Cecilia Vicuña – The Artist As… Poet
“lo precario” (the precarious); transformative acts that bridge the gap between art and life, the ancestral and the avant-garde.
THU 6 Oct 2016
Cnr Victoria and Lygon St, Carlton
Liquid Architecture, Ensayos, Institute of Modern Art (IMA) Brisbane and Curatorial Practice at MADA (Monash Art Design and Architecture) are pleased to present a special performative lecture by the Chilean poet, artist, filmmaker and activist Cecilia Vicuña.
Vicuña’s lecture is part of The Artist As…, a year-long lecture series co-presented by the IMA and Curatorial Practice at MADA. The series examines the ways artists move through the world and how that movement might involve adopting other roles to pursue a project, a position, a politics, or a practice. For any given project the artist may act as architect, as ethnographer, as archivist, as producer, as curator, as activist, as choreographer, and so on. The Artist As… also recognises that many artists come to their practice as experts in other fields, bringing with them specialist knowledge that informs and shapes their work.
Cecilia Vicuña’s multifaceted work addresses the pressing concerns of the modern world; ecological destruction, human rights and cultural homogenisation. Born and raised in Santiago, Chile, she has been in exile since the early 1970s after the military coup against elected president Salvador Allende.
Beginning in the mid 60′s in Chile, Vicuña’s practise might be formulated as “hearing an ancient silence waiting to be heard”. Her works are fluid and tangential, often starting as poems, becoming images that morph into film, song, sculpture or collective performance. These ephemeral, site specific actions in nature, streets and museums combine ritual and assemblage. She calls her impermanent, participatory work “lo precario” (the precarious); transformative acts that bridge the gap between art and life, the ancestral and the avant-garde.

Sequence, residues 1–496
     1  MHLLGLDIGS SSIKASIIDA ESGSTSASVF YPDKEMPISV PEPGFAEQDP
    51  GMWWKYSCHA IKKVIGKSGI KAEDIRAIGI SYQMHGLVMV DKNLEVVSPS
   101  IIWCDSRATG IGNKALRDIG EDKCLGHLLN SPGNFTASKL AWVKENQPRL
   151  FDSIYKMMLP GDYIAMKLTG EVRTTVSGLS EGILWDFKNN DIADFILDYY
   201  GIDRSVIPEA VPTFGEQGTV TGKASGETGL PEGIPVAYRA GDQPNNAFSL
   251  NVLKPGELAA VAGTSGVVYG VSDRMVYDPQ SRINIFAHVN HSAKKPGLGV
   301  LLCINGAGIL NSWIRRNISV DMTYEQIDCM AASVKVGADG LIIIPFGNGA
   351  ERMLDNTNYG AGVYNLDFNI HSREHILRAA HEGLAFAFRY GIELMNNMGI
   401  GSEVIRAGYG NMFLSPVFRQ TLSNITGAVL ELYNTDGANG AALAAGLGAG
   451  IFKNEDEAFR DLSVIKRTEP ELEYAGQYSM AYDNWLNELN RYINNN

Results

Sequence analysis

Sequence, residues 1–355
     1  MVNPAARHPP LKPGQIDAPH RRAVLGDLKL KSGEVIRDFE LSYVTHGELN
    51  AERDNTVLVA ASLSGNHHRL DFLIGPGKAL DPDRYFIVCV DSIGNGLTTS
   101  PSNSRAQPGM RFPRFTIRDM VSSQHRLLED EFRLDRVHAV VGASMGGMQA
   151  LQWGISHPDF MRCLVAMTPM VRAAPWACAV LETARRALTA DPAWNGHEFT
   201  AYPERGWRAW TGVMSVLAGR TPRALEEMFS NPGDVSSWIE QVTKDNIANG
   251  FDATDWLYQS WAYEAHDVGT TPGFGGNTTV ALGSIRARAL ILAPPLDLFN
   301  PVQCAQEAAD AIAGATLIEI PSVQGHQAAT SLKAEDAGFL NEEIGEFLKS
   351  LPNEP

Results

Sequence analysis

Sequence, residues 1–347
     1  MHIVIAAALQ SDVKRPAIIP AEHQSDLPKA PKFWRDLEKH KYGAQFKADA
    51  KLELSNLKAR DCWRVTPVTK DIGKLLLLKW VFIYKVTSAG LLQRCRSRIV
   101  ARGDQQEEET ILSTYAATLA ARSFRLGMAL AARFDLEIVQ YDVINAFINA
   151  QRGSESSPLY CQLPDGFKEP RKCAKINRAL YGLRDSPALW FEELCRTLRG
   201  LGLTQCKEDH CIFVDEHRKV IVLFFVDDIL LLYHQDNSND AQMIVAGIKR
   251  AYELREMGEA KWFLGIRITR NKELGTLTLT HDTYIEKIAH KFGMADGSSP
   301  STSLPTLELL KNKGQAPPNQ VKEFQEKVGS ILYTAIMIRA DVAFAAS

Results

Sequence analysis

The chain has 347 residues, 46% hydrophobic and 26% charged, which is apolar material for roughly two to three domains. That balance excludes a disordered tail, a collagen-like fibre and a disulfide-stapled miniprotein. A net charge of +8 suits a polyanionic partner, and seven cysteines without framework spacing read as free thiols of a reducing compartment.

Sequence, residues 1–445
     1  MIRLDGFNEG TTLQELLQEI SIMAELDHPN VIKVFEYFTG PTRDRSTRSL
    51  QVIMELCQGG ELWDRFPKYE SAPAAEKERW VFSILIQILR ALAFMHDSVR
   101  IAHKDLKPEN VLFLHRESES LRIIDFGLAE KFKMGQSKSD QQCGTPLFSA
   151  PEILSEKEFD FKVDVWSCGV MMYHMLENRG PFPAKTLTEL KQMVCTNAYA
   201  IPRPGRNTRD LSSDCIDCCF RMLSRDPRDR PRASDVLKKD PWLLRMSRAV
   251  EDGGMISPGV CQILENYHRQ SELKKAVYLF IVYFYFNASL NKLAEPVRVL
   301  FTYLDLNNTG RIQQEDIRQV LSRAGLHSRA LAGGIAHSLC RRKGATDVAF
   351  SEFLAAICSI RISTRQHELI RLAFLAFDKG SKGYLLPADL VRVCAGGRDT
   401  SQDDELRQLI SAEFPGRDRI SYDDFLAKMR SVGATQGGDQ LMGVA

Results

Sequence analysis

In Chile Vicuña founded the legendary Tribu No in 1967, a group that created anonymous poetic actions throughout the city. In 1974, exiled in London, she co-founded Artists for Democracy to oppose dictatorships in the Third World.
Vicuña has published twenty-two art and poetry books, including Kuntur Ko (Tornsound, 2015) and Spit Temple: The Selected Performances of Cecilia Vicuña (Ugly Duckling Presse, 2012). Her Selected Poetry is forthcoming from Kelsey Street Press, 2017. In 2009, she co-edited The Oxford Book of Latin American Poetry, 500 years of Latin American Poetry. She edited ÜL: Four Mapuche Poets, in 1997.
A partial list of museums that have exhibited her work include: The Museu de Arte Moderna do Rio de Janeiro, Brazil; Museo Nacional de Bellas Artes de Santiago; The Institute of Contemporary Arts (ICA) London; The Whitechapel Art Gallery in London; The Berkeley Art Museum; The Whitney Museum of American Art; and MoMA, The Museum of Modern Art in New York.
She was appointed Messenger Lecturer 2015 at Cornell University, an honor bestowed on authors who contribute to the “Evolution of Civilization.”
She divides her time between Chile and New York.